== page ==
A Wealth of Styles and Choices
As tastes have changed over the years, so have designs for both the outside and inside of homes. Library materials help to document those changing styles in landscapes and interiors. Treatises on garden design and architectural plans help us to re-create exteriors, while design manuals, trade catalogues, and fashionable periodicals all illustrate possibilities for interiors.
Designing Outdoor Spaces
Sketches and Hints on Landscape Gardening
By Humphry Repton, printed by W. Bulmer and Co.
London, England; about 1794
SB471 R42s* Printed Book and Periodical Collection
A famed British landscape designer, Humphry Repton promoted a naturalistic style of gardening. His publications showed suggestions for improvements with hand-painted “before” and “after” designs for landscapes.
A Plan, and Perspective-View of a House and Other Buildings, Belonging to Mr. Edwd. Langley
Made by Nicholas King
[Washington, D.C.]; 1798
72×5 Downs Collection, gift of Benjamin Ginsburg
Nicholas King worked as a city surveyor and architect in the infant capital city of Washington. He designed this federal dwelling (which is no longer standing) to contain the owner’s business as well as his private living quarters.
The Temple of Flora
By Robert John Thornton, printed by T. Bensley
London, England; 1807
QK92 T51 PFF Printed Book and Periodical Collection, gift of the Friends of Winterthur
The Temple of Flora is considered to be one of the most magnificent botanical works ever produced. Published in the early 1800s, it illustrates botanist Carolus von Linnaeus’s system of classifying plants and identifies many exotic flowers that were available to gardeners at the time.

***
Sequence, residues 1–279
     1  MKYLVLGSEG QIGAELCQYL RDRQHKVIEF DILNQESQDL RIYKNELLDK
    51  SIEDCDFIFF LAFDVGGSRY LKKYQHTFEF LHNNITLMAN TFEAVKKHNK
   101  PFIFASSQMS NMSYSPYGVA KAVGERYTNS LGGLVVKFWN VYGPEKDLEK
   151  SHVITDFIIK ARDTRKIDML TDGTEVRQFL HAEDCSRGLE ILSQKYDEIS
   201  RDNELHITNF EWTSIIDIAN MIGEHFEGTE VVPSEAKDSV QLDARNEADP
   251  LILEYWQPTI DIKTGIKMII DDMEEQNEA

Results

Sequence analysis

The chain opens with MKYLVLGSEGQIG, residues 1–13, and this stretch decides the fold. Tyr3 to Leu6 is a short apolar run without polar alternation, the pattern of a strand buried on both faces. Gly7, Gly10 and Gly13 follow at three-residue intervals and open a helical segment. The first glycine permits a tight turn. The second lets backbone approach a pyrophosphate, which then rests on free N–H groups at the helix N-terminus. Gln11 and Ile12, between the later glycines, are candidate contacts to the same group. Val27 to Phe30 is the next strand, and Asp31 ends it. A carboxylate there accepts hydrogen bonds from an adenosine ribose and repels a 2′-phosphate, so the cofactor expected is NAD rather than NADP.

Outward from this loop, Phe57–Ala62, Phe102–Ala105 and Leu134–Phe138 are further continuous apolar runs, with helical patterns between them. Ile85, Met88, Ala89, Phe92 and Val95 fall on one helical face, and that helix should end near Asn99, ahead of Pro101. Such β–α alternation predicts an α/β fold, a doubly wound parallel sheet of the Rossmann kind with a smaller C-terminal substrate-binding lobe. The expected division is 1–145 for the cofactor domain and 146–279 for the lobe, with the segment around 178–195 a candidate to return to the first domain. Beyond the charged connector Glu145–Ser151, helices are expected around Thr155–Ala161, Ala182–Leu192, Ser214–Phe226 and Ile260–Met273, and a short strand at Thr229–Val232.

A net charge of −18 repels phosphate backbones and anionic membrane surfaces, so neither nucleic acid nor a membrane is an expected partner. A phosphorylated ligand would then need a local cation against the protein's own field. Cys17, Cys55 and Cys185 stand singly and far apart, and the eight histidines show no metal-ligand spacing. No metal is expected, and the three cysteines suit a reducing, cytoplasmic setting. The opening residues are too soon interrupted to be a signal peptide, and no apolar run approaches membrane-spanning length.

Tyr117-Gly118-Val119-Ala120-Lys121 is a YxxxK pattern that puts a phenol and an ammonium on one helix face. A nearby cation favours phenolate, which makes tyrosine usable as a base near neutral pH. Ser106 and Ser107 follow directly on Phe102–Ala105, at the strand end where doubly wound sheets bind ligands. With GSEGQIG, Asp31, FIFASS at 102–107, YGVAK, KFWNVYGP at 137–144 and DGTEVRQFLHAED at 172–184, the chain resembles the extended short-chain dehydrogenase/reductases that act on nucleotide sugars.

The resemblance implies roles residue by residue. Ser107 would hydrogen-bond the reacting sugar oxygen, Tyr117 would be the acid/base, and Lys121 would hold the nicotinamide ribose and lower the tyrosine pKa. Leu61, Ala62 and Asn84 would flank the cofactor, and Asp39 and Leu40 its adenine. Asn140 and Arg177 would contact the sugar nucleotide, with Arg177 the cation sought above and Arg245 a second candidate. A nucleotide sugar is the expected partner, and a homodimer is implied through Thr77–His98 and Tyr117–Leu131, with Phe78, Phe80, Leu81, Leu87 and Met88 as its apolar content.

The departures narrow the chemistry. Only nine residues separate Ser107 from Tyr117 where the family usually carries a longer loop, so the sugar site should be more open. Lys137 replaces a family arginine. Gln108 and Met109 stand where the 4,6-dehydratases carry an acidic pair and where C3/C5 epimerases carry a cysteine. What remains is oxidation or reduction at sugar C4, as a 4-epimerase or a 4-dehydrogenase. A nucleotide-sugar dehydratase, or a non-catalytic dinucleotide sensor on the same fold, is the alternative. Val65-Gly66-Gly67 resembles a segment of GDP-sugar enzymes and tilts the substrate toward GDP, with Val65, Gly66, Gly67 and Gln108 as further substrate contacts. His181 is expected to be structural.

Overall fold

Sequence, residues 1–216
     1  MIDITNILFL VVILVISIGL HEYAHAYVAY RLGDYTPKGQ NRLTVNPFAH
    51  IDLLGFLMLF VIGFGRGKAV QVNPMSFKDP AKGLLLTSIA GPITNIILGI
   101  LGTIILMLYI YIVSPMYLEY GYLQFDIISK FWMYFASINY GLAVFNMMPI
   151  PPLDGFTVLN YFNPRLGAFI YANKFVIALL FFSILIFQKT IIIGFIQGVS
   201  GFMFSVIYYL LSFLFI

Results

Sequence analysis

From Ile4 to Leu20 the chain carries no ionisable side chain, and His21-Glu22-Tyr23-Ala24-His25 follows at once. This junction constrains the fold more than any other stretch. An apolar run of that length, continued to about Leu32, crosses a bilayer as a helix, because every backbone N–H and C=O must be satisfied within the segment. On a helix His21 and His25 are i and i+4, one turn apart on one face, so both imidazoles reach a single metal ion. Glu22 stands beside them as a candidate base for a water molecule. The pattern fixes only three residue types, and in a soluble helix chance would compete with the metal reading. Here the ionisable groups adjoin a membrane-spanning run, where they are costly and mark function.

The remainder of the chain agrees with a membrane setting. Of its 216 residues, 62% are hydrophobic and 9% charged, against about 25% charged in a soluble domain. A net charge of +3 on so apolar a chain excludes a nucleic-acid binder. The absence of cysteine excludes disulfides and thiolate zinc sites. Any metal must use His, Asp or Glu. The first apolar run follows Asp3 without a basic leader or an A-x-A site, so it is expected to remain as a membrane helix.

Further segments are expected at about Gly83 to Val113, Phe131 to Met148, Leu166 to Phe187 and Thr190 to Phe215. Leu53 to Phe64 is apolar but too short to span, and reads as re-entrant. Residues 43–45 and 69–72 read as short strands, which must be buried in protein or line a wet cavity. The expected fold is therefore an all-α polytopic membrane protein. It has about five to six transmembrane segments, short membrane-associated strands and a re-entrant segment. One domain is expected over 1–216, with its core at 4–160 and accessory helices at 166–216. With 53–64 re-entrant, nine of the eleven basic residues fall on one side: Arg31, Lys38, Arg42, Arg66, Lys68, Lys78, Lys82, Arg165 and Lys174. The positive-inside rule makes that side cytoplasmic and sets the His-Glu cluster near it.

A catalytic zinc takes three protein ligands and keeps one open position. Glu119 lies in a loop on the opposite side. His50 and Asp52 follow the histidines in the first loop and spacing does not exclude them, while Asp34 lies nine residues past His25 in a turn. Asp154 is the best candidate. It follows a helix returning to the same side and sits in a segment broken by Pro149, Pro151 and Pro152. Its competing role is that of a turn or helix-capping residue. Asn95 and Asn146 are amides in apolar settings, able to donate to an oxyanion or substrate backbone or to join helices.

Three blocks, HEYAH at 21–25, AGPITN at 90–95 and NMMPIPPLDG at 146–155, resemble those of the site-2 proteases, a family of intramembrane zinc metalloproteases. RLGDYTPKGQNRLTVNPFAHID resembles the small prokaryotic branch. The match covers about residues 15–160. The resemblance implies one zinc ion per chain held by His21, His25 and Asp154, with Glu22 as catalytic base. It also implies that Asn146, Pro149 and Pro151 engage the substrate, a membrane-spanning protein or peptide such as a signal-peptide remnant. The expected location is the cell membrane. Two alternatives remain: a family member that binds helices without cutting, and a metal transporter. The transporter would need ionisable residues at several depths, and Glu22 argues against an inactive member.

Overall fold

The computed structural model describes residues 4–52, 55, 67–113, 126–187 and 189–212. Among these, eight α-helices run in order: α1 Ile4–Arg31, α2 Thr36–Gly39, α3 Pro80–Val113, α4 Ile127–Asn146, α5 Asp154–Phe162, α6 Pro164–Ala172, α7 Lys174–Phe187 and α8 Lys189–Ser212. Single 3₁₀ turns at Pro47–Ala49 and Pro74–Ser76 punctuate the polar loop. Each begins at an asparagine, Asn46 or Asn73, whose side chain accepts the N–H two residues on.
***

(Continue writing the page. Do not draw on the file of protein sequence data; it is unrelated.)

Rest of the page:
Awnings: A Guide to Their Selection
By the Otis Company, published by the company
New York, New York; about 1930
NA3008 O88* TC Printed Book and Periodical Collection, gift of Claire W. Nagle
Long before air conditioners, awnings helped to keep homes cool. In this volume, the Otis Company presents a parade of the most popular house styles of the day, discusses their individual architectural personalities, and recommends awning fabrics most suited to each design.
Designing Indoor Spaces
Made in Jingdezhen, China; about 1695
2000.0061.083.001–.005 Gift of Leo A. and Doris C. Hodroff
Notice the porcelain vases above the mantel in Marot’s illustration. Vases similar to the set shown here from China were exported to Europe for use in elaborate displays. Daniel Marot designed interiors of royal palaces in Holland and England for William III and Queen Mary, including chimneypieces for Queen Mary’s displays of Chinese porcelain.
The Side of a Drawing Room
Made by William Gomm Jr.
England; about 1761
64×82.1 Downs Collection, gift of the Friends of Winterthur
This charming watercolor design by the English cabinetmaking and upholstery firm of William Gomm & Son & Co. shows high-style furnishings and their placement in a formal drawing room of the period.
The Works in Architecture of Robert & James Adam. v.2, Number 1: Containing Part of the Earl of Derby’s House in Grosvenor-Square
By Robert and James Adam, printed and sold by Peter Elmsley
London, England; 1779
NA997 A21 v. 2 PF Printed Book and Periodical Collection
The volume seen here documents the design projects that the Scottish-born Adam brothers had completed. With the book, they hoped to demonstrate to future patrons their ability to design furniture, lighting fixtures, and architectural details. The compilation was one of the most influential of its day.
Magasin für Freunde des Guten Geschmacks
Published by Friedrich August Leo
Leipzig, Germany; 1796
NK1160 M18 Printed Book and Periodical Collection
The periodical Magasin für Freunde offered a menu of design ideas for architects and their clients, including Islamic, Pompeiian, pastoral, and Roman room settings.
By the Belcher Mosaic Glass Company, published by the company
New York, New York; 1886
NK5399 B42 TC Printed Book and Periodical Collection
The Belcher Company created this design when residential stained glass was in vogue. The window appeared at the height of the aesthetic movement, a style that was greatly influenced by the arts of Japan.